Hall: 'I still consider myself the best 3B in the league'
Brewers infielder Bill Hall emerged from a closed-door meeting with his bosses on Saturday and insisted that he hasn’t given up on turning around his dismal 2009 season.
“I still consider myself the best third baseman in the league,” Hall said.
He’ll get another chance on Sunday, when the Brewers mark the season’s unofficial midpoint against left-hander Clayton Kershaw and the Dodgers. Manager Ken Macha said he intends to start Hall at third base in Milwaukee’s final game before Major League Baseball’s All-Star break, which will be broadcast nationally on TBS with Chip Caray and Buck Martinez on the call.
Hall, who enters the first-half finale hitting .198, would not say much about his Saturday afternoon sit-down with general manager Doug Melvin, assistant GM Gord Ash and Macha. Asked what they talked about, Macha was also mum.
Hall was clear on two points: He has not asked to be moved out of Milwaukee, and the Brewers have not asked him to go to the Minor Leagues. Because he has more than five years of service time, Hall owns the right to refuse such an assignment.
“It wasn’t a bad meeting, it wasn’t a good meeting. It was just a meeting,” Hall said. “We talked about baseball. It was just a discussion.”
Hall has had a first half to forget. He began the year as Milwaukee’s starting third baseman but has fallen essentially to third on the depth chart by batting .198 with five home runs and 18 RBIs. He started 23 of the Brewers’ first 26 games, but since then has made just 25 starts in 61 games while batting .124.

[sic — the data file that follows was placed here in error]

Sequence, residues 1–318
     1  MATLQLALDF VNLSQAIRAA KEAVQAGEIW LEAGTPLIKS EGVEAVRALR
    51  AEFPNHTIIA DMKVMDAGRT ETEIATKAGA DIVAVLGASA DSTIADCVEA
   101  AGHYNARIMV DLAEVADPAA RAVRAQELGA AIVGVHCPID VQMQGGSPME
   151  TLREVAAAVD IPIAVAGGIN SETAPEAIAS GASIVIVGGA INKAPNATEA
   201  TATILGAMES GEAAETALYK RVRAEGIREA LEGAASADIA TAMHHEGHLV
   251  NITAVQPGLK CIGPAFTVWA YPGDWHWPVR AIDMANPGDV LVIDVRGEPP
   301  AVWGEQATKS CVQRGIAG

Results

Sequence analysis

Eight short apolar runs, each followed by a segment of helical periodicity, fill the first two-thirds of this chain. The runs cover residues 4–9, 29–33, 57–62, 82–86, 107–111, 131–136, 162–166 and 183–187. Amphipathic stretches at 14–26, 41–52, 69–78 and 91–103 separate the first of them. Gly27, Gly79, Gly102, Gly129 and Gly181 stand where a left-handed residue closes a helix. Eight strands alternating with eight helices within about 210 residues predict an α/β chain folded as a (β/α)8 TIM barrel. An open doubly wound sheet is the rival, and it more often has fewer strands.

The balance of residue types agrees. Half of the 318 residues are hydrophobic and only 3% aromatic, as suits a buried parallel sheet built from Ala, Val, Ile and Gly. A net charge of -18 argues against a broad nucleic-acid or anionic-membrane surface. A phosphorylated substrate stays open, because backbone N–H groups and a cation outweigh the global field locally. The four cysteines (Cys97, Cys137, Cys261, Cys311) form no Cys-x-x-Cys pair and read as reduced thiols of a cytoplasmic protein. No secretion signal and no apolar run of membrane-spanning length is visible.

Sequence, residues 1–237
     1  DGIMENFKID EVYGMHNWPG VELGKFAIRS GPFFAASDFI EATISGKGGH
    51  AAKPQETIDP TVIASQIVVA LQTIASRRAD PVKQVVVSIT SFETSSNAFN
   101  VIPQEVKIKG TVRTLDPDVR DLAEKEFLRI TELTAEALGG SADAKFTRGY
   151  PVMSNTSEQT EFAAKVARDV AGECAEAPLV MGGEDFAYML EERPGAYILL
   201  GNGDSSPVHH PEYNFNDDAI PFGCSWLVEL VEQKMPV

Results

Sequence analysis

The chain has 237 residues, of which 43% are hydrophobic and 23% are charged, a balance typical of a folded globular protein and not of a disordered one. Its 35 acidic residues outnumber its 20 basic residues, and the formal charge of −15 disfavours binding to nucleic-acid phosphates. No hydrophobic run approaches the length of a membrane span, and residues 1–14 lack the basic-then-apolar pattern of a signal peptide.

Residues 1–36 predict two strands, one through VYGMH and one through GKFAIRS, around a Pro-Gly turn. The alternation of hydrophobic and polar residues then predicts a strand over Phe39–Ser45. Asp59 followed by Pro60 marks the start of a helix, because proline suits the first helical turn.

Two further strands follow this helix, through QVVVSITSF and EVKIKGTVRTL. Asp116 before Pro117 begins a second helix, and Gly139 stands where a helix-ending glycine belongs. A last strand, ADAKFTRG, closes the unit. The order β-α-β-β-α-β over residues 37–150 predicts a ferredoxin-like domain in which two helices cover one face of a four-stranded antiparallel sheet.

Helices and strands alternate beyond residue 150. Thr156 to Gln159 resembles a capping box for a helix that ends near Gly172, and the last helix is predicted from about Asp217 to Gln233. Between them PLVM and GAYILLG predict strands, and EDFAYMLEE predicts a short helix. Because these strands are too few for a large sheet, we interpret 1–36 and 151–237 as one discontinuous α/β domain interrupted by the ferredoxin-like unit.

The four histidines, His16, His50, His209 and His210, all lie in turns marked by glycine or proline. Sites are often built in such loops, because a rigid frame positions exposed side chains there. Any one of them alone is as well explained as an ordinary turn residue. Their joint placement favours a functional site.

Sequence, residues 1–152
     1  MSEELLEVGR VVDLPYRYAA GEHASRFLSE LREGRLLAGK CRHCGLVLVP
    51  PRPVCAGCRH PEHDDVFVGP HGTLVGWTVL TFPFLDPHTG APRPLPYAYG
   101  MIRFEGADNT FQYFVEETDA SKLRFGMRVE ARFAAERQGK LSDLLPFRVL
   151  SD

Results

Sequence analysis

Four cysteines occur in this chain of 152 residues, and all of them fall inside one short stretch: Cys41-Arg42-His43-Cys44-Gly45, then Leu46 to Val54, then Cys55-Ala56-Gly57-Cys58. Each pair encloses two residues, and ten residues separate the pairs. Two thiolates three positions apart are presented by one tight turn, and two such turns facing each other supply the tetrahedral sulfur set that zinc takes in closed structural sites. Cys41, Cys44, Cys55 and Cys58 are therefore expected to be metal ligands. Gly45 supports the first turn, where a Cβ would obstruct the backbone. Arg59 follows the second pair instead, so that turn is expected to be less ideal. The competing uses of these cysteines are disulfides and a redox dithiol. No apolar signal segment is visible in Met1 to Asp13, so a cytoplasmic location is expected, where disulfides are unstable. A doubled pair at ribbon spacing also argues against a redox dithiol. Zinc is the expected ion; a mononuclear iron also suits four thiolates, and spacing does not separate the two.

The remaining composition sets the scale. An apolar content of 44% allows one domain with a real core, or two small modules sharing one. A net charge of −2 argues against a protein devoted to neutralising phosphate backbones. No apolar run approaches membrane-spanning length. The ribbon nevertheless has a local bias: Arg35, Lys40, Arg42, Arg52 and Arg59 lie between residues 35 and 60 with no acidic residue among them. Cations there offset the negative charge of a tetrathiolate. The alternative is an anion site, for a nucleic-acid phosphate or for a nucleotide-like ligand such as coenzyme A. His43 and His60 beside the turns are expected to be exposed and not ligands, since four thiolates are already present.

Casey McGehee and rookie Mat Gamel have handled most of the starts since then, with Hall relegated to starting against left-handers. Now even those numbers are on the decline; Hall hit .306 against southpaws last season, but this year he’s hitting .231.
“There’s kind of mixed feelings, I guess,” Hall said. “Obviously, I haven’t played well, but I’m not getting to play very often, either. The lefties I’m facing aren’t exactly easy. [The Mets’ Johan] Santana. [The Giants’ Barry] Zito had been dealing. [The Cubs’ Ted] Lilly is an All-Star. When you don’t get any other at-bats during the week, it’s tough going out there to face guys like that and trying to get some hits.”
Make no mistake: Hall does not see his production as acceptable.
“I have to figure something out,” Hall said, his eyes reddening, “some way to fight through that and try to be productive when I do get a chance to play.
“I’m here,” he added. “I’m working every day, I’m keeping my mouth shut. I have to find a way to produce when I get in there.”
Hall’s decline is in its third season. He was the Brewers’ club MVP in 2006, when he filled-in for an injured J.J. Hardy at shortstop and batted .270 while leading the Brewers with 35 home runs. That season earned Hall a four-year, $24 million contract that bought out his arbitration years and one season off free agency.
More than a year remains on that deal. Hall is making $6.8 million this season and is due $8.4 million in 2010. If the Brewers release Hall, they would owe him the remainder of that salary.
Hall does have value off the bench because he is a quality defender at second base, third base and shortstop, and can also play the outfield if needed. But Hall, the longest tenured player in the entire organization (he was the Brewers’ sixth-round Draft pick in 1998) isn’t sure where he fits on the team at the moment.
“I’m still trying to do things to help this team win,” he said.